**Retro Review: Casio fx-4000P**

**Quick Facts:**

Model: fx-4000P

Company: Casio

Years: 1985 - 1989

Battery: 2 x CR2032

Display: 10 digits, 2 digit exponent

Logic: Algebraic - type in expressions the way you write them

Memory: Up to 550 programming steps or up to 94 memory registers

Contrast Wheel

Wallet with operation guide (if included, depends on where you buy from)

The Casio fx-4000P holds up its value as it is a popular vintage programming calculator. Prices are about $30 US and above.

**Features**

Four Basic Modes:

* COMP: Computer Mode, general calculations

* BASE-n: Base conversions in the standard four bases decimal, binary, octal, and hexadecimal. Boolean functions and, or, not, and neg are included. Binary numbers have a 32 bit capacity, in 4 blocks of 8 each.

* SD: Single Variable statistics

* LR: Linear Regression, y = A + Bx

Statistics Variables:

U = Î£x^2

V = Î£x

W = n

P = Î£y^2

Q = Î£y

R = Î£xy

A = y-intercept

B = slope

r = correlation

As with many Casio calculators, the rectangular and polar conversions store their results in two variables. For the fx-4000P:

Pol(x,y) stores r in I, Î˜ in J

Rec(r,Î˜) stores x in I, y in J

This is the same as the Casio current fx-5800P.

The fx-4000P has integer part (Int), fractional part (Frac), and absolute value (Abs).

**Memory and Arrays**

The Defm mode allows the user to set the number of memory registers. The minimum amount of memory registers is 26 (A - Z). The user can add additional registers at a cost of 8 programming steps each, up to 94 memory registers (leaving only 6 programming steps).

The fx-4000P allows for indirect storage, which takes the form of:

letter[# of steps from that letter]

For example:

A[0] returns what is stored in A,

A[1] returns what is stored in B,

A[2] returns what is stored in C,

and so on.

By allocating additional registers,

Z[1] returns what is stored in the 27th register,

Z[2] returns what is stored in the 28th register,

Z[3] returns what is stored in the 29th register,

and so on.

Variables are allowed. For example, if 2 is stored in I, then:

**15 → A[ I ]** stores 15 in C (2 steps from A).

The tilde command is allows us to store a value in multiple registers. The tilde acts like a Fill function.

For example: **12 → A ~ D** stores 12 in A, B, C, and D.

**Programming**

The programming mode of the fx-4000P has a capacity of 550 steps, which can be allocated into 10 slots, Prog 0-9. The maximum step capacity is reached when the minimum of memory registers is set, 26. (Defm 0). The language is Casio Basic:

**:**

colon that ends each line (except for ◢)

**→ **

store

**◢ **

stop and display (Disp indiciator lights up)

**Goto/Lbl # **

up to 10 lables 0-9

**Isz var **

increment var by 1 and skip next command if var = 0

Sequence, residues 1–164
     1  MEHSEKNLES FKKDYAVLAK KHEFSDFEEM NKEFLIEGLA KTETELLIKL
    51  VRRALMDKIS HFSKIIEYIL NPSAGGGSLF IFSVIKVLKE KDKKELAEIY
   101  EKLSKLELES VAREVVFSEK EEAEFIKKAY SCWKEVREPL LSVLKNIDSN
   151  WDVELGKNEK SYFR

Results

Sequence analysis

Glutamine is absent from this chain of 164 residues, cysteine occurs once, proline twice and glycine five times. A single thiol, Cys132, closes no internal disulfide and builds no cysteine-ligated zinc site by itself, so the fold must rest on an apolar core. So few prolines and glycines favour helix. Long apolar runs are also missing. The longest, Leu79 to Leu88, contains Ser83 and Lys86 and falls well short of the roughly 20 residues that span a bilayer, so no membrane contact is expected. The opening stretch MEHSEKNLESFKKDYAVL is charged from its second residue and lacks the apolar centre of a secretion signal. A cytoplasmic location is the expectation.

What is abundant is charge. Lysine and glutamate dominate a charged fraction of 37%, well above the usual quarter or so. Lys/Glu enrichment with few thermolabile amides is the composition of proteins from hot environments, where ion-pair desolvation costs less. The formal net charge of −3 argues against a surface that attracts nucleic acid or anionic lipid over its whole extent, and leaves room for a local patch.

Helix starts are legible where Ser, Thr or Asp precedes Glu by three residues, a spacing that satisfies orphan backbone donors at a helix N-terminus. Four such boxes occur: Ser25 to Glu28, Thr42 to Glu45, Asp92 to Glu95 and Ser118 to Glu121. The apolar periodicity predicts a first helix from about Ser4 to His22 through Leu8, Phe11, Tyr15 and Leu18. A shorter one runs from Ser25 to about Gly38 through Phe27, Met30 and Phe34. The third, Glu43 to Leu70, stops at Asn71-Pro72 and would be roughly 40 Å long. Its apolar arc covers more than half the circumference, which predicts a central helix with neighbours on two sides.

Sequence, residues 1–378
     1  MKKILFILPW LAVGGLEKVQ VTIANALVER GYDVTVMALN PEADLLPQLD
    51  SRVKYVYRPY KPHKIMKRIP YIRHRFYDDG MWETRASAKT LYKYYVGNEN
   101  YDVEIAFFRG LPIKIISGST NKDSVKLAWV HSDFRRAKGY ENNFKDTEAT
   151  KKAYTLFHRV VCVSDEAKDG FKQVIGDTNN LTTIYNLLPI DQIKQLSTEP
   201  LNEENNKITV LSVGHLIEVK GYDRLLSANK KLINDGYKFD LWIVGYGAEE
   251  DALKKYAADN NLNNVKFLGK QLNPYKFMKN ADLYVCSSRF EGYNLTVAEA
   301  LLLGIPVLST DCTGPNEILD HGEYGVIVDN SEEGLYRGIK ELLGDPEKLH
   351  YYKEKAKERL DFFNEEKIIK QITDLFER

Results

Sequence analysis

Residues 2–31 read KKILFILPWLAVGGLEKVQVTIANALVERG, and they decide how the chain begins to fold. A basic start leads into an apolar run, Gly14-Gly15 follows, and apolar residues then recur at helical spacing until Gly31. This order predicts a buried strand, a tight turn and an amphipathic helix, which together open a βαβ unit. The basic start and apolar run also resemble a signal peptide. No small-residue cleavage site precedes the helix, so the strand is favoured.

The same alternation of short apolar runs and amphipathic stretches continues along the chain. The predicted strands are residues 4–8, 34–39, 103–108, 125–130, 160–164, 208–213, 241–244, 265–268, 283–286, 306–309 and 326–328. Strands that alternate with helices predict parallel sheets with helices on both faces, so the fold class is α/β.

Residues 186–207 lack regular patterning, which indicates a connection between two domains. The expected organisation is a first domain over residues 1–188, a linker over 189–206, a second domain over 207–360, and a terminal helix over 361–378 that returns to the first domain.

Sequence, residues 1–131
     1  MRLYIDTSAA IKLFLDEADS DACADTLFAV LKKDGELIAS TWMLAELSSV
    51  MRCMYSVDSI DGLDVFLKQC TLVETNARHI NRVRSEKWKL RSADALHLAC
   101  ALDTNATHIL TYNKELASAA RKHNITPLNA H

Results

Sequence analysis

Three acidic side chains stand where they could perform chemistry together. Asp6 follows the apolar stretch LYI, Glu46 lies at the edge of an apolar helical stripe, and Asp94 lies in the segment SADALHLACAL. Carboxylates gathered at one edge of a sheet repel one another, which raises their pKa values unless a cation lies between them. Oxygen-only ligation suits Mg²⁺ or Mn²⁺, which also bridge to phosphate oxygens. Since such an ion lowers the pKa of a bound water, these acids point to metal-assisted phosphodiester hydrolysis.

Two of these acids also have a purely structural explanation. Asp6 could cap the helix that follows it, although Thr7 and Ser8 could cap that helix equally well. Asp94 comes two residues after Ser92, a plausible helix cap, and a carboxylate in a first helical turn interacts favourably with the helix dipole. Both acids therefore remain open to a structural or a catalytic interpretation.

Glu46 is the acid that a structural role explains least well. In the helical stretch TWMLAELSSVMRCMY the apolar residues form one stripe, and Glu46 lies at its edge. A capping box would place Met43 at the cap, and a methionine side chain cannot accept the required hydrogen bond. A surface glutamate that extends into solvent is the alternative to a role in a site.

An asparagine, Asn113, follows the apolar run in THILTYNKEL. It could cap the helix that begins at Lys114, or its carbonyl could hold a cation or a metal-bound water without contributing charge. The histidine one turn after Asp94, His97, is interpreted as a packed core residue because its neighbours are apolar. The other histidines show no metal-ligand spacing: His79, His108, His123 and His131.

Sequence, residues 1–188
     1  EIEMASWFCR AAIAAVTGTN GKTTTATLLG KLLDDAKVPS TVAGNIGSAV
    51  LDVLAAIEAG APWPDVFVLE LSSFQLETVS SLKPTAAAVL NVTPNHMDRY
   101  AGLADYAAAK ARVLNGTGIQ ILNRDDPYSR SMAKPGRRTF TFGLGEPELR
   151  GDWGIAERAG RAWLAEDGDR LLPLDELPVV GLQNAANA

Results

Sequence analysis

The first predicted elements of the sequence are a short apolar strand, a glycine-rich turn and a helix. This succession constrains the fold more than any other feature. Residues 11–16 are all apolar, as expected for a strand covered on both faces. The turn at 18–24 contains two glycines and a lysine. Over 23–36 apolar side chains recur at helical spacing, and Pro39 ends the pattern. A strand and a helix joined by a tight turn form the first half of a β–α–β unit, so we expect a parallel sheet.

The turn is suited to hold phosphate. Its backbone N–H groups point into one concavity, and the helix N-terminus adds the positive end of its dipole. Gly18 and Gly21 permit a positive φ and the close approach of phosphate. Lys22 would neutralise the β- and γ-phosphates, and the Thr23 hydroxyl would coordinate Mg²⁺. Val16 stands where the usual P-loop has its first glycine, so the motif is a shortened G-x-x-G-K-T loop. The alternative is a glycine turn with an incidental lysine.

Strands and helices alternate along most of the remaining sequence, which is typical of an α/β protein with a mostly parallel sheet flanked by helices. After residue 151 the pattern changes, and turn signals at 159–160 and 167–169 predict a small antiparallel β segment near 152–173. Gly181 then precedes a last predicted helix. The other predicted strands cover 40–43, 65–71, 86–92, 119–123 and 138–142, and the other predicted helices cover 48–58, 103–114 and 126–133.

**Dsz var**

decrement var by 1 and skip next command if var = 0

Use Isz and Dsz to simulate For-Next loops

**[test] ⇒ [do if true, skip if false] : [ next command ]**

simple If/Then jump structure (displayed on the keyboard is a solid, bold arrow)

Prompting is a little different, as the string must be followed by a colon, then a question mark is used:

**"prompt" : ? → var**

Example: Prompt for the user to enter an angle and store it A.

**"ANGLE" : ? → A**

We can display a string for a brief pause, simulating a Wait command by this:

**"time" → var : Lbl # : "string" : Dsz var : Goto # **

For example, the string "45" is displayed for 25 counts:

**25 → I : Lbl 1 : "45" : Dsz I : Goto 1**

Strings can also contain the characters engineering symbols k, m, Î¼, n, p (but not use these in calculations), a solid square, and the angle symbols °, ^r, and ^g (which also allow the user to override the current angle). Strangely, the symbols Î˜ and % are not included.

The use of Prog (key is labeled [Prg]) in programs will allow for the use of subroutines. For subroutines, an implied Return command is added to the end of the subroutine.

To save space, use → without closing all the parenthesis. The Ans (last answer) can also be used in between steps. In COMP mode, pressing equals closes all pending parenthesis.

The programming structure of the fx-4000P, along with the fx-7000g and fx-6300g, provide a base for future Casio programming and later graphing calculators.

Sample Programs:

(spaces and returns provided for readability)

PO: Î£( (A*x+B)^C from x = 0 to N )

(65 steps)

**"A" : ? → A :**

**"B" : ? → B :**

**"C" : ? → C :**

**"N" : ? → N :**

**0 → S :**

**Lbl 1 :**

**S + (A N + B) x^y C → S**

**Dsz N : Goto 1 : **

**S + B x^y C → S**

Examples:

A = 2, B = 6, C = 2, N = 4; Result = 540

A = 5, B = -2, C = 3, N = 5; Result = 20727

P1: Payment of a Mortgage

(64 steps)

P = loan amount

R = periodic rate

N = number of payments

M = payment

Cash flow convention is followed.

**Fix 2 :**

**"PV" : ? → P :**

**"RATE" : ? → R :**

**"N" : ? → N :**

**.01 R → S :**

**"PMT" ◢**

**-P S ÷ (1 - (1 + S) x^y ( -N → M ◢**

**Norm**

Example:

Monthly payment of a $320,000.00 loan at 4% annual for 30 years.

P = 320000, R = 4 ÷ 12, N = 30 × 12; Result -1527.73 (payment of $1,527.73)

If you want to a series of programs for the fx-4000P and possible what they would look like for the fx-5800P/graphing calculators, please let me know in the comments.

**Closing Thoughts**

The Casio fx-4000P is a good, entry level programmable calculator which includes a good amount of programming steps.

The fx-4000P reminds me of the current Casio fx-3650P(II) and what the latter lacks. I wish the next incarnation of the fx-3650P had the integer, fractional, absolute value, and the ability to use strings with the full alphabet. The only advantage the fx-3650P has is the derivative, integral, and fractions.

The fx-4000P runs decently fast and the screen has a big display of characters and results, and it holds up as a favorite.

Eddie

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